The Store has new artwork on view in tandem with the Frye Art Museum’s exhibition Romare Bearden: Abstraction (on view June 25–September 18, 2022). We commissioned artist and curator Moses Sun to create a large-scale mixed media work and are so excited to share this stunning result, titled Carolina Conversations with Romare Bearden, with you all. We wanted to learn more about Moses’s inspiration and process, so we reached out with some questions.
Image: Moses Sun
Tell us about your connection to Romare Bearden. When did you first learn about his work?
Romare Bearden was born in Charlotte, NC. I’m originally from North Carolina also. I didn’t know of any professional artists from my area until art school. He was one of the first African-American artists that inspired me to experiment in the studio with all sorts of media. The way he depicted life through his collages and paintings resonates deeply with me.
What was your process to create this large-scale mixed media work? Is this a way you have worked in the past, and do you plan to continue working in this style?
I wanted to pay homage to Romare Bearden’s art and craft. I imagined having conversations with him about his approach to his subject and techniques he developed over time. With that in mind, I was able to utilize canvas, drawing, collage, and painting within the same piece.
This is the first time I have worked at such a large scale using collage and painting. It was wonderfully challenging to bring collage, painting, and drawing together. I plan on continuing to utilize the techniques I learned while creating this piece.
Image: Rachael Lang
What is next for your practice?
I am looking forward to more experiments in the studio. I’m currently preparing for my solo exhibit at J. Rhinehart Gallery in September where I will be showing new work from my 21 Chambers series. Kinetic sculptures, art installations, and more curation are all on the calendar for the next couple of years.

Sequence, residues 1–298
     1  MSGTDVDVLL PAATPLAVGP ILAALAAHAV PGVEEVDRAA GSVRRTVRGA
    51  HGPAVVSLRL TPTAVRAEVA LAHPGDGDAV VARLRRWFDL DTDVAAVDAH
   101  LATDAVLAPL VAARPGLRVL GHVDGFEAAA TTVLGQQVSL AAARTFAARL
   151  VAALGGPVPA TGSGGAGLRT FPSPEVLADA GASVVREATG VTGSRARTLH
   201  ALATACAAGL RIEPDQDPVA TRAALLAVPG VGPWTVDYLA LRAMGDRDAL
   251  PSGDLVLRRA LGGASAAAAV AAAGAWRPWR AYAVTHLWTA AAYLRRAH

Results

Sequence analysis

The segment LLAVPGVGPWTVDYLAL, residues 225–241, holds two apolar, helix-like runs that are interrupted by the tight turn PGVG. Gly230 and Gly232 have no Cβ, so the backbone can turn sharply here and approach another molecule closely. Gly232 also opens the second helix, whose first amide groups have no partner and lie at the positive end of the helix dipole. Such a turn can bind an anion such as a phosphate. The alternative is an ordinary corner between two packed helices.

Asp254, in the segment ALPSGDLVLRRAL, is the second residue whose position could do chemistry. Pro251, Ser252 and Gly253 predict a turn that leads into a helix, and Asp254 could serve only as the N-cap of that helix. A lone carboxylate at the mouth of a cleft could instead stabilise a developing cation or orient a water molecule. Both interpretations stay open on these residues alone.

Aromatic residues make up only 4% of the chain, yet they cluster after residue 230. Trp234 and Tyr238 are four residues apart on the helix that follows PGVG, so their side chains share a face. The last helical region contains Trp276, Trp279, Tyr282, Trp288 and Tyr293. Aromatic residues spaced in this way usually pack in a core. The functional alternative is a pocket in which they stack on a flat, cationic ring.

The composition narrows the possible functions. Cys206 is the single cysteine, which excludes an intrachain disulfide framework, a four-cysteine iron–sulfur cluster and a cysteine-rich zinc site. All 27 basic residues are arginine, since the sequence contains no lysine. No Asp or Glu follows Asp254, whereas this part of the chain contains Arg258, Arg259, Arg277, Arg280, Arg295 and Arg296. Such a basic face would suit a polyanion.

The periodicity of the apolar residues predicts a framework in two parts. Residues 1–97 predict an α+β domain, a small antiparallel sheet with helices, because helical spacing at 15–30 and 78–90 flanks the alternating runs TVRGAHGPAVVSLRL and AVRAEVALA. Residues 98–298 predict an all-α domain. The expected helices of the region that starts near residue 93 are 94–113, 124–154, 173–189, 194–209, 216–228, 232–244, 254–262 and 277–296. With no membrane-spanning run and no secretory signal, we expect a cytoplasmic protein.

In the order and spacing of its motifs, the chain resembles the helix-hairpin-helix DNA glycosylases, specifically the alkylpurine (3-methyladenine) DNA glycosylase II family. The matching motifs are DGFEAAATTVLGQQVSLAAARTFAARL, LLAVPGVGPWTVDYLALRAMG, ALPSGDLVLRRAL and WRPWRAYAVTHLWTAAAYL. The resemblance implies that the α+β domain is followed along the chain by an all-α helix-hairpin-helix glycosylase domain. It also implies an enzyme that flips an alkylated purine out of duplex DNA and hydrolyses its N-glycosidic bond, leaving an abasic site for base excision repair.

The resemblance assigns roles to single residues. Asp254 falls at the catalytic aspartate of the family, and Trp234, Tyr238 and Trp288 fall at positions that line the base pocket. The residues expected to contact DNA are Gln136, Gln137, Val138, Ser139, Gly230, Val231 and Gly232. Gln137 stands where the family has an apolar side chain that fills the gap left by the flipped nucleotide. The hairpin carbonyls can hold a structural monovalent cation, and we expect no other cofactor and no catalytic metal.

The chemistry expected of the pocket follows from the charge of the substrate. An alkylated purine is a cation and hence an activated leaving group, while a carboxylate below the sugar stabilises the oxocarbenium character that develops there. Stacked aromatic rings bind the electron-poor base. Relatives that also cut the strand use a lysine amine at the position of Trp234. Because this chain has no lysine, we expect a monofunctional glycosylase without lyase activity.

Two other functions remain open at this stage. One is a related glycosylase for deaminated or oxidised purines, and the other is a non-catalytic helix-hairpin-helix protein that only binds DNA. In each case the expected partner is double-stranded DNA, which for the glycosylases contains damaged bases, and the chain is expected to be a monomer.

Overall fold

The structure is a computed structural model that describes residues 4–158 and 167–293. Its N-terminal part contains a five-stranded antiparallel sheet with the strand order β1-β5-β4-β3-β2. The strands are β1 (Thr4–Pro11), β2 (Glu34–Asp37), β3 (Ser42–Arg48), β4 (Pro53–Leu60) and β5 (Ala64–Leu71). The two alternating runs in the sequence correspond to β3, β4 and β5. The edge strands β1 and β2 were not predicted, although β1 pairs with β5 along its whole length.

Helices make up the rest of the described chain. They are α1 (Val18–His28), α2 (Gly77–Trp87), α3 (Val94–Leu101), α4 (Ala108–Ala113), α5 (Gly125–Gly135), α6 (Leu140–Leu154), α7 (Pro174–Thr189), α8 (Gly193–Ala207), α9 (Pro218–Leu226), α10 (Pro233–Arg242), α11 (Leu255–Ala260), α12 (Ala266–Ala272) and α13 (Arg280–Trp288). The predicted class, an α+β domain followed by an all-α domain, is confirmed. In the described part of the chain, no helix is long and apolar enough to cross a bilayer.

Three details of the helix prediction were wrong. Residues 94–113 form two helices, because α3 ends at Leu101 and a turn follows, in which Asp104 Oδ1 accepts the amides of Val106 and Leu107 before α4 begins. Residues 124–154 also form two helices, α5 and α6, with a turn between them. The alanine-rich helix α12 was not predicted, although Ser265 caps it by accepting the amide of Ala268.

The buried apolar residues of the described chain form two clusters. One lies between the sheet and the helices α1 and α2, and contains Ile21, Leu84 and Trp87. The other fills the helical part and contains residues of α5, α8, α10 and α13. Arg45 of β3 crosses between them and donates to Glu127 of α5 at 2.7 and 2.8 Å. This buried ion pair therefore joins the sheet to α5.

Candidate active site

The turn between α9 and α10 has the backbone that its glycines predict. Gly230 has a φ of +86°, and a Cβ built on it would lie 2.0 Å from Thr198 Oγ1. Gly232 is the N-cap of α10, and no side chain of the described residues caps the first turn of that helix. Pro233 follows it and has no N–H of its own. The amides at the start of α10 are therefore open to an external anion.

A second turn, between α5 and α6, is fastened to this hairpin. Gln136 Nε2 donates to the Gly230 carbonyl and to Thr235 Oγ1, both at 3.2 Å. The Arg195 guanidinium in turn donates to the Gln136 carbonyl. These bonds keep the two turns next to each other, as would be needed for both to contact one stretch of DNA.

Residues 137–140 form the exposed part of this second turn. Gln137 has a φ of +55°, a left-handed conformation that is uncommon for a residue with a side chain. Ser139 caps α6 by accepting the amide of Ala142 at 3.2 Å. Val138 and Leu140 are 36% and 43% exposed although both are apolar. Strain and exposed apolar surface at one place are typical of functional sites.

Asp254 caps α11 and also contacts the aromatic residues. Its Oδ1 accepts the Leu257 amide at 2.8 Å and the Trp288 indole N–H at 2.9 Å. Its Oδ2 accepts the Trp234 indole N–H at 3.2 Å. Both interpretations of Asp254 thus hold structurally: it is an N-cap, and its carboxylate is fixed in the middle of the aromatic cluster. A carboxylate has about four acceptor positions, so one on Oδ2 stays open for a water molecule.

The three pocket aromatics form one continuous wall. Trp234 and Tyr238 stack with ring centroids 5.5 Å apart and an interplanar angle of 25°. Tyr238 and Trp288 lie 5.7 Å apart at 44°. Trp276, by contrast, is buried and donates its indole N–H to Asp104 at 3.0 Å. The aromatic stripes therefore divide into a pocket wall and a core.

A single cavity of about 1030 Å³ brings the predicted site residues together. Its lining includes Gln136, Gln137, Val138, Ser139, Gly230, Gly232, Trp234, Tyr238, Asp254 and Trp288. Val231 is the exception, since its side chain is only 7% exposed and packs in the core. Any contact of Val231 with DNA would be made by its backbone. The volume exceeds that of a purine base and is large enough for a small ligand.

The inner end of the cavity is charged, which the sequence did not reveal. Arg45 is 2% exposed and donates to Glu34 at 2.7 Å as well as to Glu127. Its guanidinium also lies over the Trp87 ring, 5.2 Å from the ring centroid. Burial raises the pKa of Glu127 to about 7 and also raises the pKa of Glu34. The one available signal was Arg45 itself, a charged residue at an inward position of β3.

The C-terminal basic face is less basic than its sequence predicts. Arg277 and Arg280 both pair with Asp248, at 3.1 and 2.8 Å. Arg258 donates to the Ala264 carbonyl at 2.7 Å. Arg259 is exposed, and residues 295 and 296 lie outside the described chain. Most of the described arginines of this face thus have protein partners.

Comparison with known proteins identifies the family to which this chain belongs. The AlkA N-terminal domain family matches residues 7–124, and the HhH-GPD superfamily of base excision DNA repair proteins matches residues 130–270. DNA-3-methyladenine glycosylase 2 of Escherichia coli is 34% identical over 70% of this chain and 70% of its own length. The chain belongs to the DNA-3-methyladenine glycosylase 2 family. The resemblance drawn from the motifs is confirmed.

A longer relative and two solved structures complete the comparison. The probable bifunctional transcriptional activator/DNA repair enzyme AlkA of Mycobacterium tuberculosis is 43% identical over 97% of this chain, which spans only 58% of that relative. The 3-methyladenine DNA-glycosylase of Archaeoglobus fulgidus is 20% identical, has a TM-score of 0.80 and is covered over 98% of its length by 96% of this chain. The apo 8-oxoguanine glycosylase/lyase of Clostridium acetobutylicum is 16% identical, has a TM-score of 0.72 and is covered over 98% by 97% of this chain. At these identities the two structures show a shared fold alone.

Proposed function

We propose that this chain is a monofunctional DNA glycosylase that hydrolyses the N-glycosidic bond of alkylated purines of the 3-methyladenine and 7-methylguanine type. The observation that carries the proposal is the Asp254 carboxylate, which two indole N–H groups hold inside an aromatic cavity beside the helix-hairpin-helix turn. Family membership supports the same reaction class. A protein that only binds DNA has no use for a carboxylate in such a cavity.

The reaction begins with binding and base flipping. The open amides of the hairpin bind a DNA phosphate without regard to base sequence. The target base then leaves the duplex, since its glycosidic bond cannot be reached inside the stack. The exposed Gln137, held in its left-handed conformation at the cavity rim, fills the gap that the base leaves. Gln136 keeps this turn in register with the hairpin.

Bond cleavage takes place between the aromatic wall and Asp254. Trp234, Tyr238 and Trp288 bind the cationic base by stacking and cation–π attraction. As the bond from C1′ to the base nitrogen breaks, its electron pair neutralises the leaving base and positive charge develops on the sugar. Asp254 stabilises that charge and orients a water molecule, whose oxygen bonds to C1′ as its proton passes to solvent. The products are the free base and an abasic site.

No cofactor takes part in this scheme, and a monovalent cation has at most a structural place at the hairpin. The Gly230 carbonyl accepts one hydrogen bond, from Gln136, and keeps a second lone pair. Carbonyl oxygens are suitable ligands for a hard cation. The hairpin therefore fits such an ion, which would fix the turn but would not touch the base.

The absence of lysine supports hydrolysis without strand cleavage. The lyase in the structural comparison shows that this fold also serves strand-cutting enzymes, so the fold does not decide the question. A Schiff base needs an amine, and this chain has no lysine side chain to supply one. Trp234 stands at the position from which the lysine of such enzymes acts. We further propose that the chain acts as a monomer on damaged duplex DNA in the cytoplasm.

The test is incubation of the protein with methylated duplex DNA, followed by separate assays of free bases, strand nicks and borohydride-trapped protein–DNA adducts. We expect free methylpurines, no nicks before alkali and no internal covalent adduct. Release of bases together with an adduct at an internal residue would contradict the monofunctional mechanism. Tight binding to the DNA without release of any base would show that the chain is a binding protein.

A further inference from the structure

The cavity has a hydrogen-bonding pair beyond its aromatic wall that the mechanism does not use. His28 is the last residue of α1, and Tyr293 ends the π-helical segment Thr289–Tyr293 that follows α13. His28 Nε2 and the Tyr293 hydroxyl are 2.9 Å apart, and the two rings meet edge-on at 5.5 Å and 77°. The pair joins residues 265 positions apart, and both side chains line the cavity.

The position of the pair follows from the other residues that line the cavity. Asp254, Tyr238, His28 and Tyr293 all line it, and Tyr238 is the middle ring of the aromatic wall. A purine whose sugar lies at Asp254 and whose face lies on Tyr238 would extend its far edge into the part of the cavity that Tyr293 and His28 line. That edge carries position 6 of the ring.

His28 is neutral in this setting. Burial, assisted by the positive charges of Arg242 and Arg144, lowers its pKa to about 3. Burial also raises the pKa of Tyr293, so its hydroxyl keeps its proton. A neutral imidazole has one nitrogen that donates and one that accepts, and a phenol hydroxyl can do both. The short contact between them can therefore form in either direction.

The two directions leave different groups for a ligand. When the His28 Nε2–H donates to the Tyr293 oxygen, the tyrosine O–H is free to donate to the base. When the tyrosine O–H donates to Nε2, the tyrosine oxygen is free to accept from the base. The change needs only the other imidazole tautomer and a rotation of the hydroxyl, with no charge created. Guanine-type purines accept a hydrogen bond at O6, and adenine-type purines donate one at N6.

Moses Sun's live painting demonstration at the Frye Art Museum's Spring 2022 Community Day. Photo: Jonathan Vanderweit
Seattle-based artist and curator Moses Sun creates analog, digital, and mixed media art. Sun draws much of his inspiration from his southern upbringing along with Black, African, Asian, and Latinx diasporas. He blends these influences into abstract meditative constellations of movement expressed on paper, wood, and large-scale murals. Sun describes his art this way, “My work expresses blackness across multiple media platforms, laying bare my personal history, and humanity. I make drawings on paper and iPad, digital and analogue photographs, sculpture, and installations, then sample them and in the hip-hop ethos of 'grinding' output them as murals, relief sculptures, digital prints, video animations, games, and social media apps. I work intuitively, letting go of pretense so that the story reveals to the viewer an entry point, a beginning but never an end.” Sun’s work has been shown in both solo and group shows in Toronto, New York, Los Angeles, and Seattle.